Birds eye view of working port

23:09, Jun 22 2014
Port Chalmers
TRUSTY TRIO: Long shipping experience resides in Harold Woods, left, Michael Webb and John Moodie, at the ship’s telegraph in Port Chalmers museum.

Some blokes are building a boat shed. No ordinary boat shed. No ordinary blokes.

One calls me a "cheeky young b....." when I label them "last of the summer wine".

They are volunteers, all with maritime backgrounds, working on an extension to the Port Chalmers Museum. It is to be known as The Boat Shed. They are proud of its mezzanine viewing deck with a wide window on the wharves of Port Otago.

In this age of closed and secured wharf areas, this is probably the closest and best view of a working port anywhere in the world, John Moodie says.

The museum occupies the former Post Office building. It stands opposite the library, which is in the former borough council building. "Recycling" of buildings is common in Port Chalmers, where old banks and hotels have been adapted to new uses. It makes the town centre a museum itself. Coming from Christchurch, where many heritage buildings were ruined by earthquakes, I gaze in awe and envy at the stately facades.

But Port Chalmers' history is more than elegant edifices. It is woven into the story of New Zealand's development as an importer of people and an exporter of produce.


Here, at Koputai (Maori name for Port Chalmers, referring to a high tide that washed away a canoe), Kai Tahu leaders negotiated the sale of the Otago land block to the NZ Land Company. Surveyors quickly followed. They were joined by sundry settlers to form a small village before the first organised shiploads of Scottish Free Church immigrants arrived in 1848.

Next to the library the Surveyors Arms Hotel opened in 1846. It was rebuilt as the Port Chalmers Hotel and still stands, bearing the name Tunnel Hotel and claiming to be the oldest continually operating hotel south of Nelson. From the railway tunnel beside it a train that left Dunedin 20 minutes ago emerges, bearing freight for ships to carry to the world.

The port grew to become Dunedin's deepwater port and an important centre for ship repairs and boatbuilding. The first of its two dry docks opened in 1872. The Union Steamship Co was established and based here soon after. By the 1880s it was the largest shipping line in the Southern Hemisphere.

Two plaques on the 1877 stone wall at the port entrance proclaim two of the most significant developments in New Zealand trade. From here, in 1882, Albion Line's sailing ship Dunedin departed with the first cargo of frozen meat for the British market - "pioneering a revolution in transport methods and making possible the start of a major New Zealand industry".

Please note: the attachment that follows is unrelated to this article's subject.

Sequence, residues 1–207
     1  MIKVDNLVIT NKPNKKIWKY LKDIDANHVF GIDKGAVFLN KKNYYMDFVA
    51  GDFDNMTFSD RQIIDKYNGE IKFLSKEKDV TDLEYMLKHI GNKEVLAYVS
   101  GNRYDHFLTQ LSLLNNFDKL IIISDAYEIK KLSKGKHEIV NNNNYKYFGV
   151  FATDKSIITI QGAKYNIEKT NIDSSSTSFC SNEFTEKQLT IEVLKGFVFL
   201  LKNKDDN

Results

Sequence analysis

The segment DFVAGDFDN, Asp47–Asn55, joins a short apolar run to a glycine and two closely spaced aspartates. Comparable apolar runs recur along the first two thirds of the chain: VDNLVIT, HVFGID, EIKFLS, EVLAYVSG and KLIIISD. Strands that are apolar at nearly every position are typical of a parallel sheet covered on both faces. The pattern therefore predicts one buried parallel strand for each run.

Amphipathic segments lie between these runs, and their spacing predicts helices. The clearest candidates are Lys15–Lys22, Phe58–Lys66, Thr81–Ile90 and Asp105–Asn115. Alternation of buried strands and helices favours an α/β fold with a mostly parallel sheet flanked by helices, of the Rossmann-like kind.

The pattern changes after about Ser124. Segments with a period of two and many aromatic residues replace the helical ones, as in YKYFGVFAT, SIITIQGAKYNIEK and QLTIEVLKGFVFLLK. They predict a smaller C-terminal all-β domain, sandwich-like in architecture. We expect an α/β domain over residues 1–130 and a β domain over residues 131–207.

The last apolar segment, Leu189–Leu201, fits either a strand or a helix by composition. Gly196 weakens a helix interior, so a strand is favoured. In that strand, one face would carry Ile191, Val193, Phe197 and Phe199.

Nearly 90 years later the Columbus Line vessel, Columbus NZ, left the wharf bound for East Coast American ports - "inaugurating the first cellular container ship service from New Zealand and pioneering a further revolution in the transport of NZ produce".

A large area of sea was reclaimed for stacking containers. Today hundreds of containers, a score of mobile loaders buzzing about and three giant cranes shipside make this a hive of activity. It even overshadows the nearby area where truck and trailer units streaming from Otago forests converge with export logs for stacking and loading.

Museum volunteer worker Harold Woods treasures the port and its past. He started work here in 1957, after asking for a job and being sent away because he was not a member of the union. Memory of the infamous 1951 waterside lockout was still fresh. Woods went straight to the union office to enlist and was taken on as a sheetmetal worker the same day. He later trained as a diver and was among the early exponents of underwater welders, repairing hull plates of ships that could not afford the time to go into dry dock.

Seven naval minesweepers were built here in World War II, Woods says. They served in the Pacific theatre. American ships supporting Operation Deep Freeze bases in the Antarctic were repaired here. A large Russian deepsea trawler was repaired here. Three trawlers for the National Mortgage and Agency's fishing interests were built here. Local firms built penstocks for the Benmore hydro project and heavy engineering components for the Manapouri power scheme.

Woods rattles off names of Port Chalmers engineering firms as if listing the wonders of the world.

Much of that is in the past, though maritime engineering at Port Chalmers remains important to the Otago economy.

Three roads lead out of Port Chalmers. Ahead is Aramoana and the head of Otago Harbour. Over the hill are Purakanui and Broad Beach. I return through the series of small bay suburbs to Dunedin. I can't help feeling the city wears Port Chalmers like a jewelled pendant.

The Press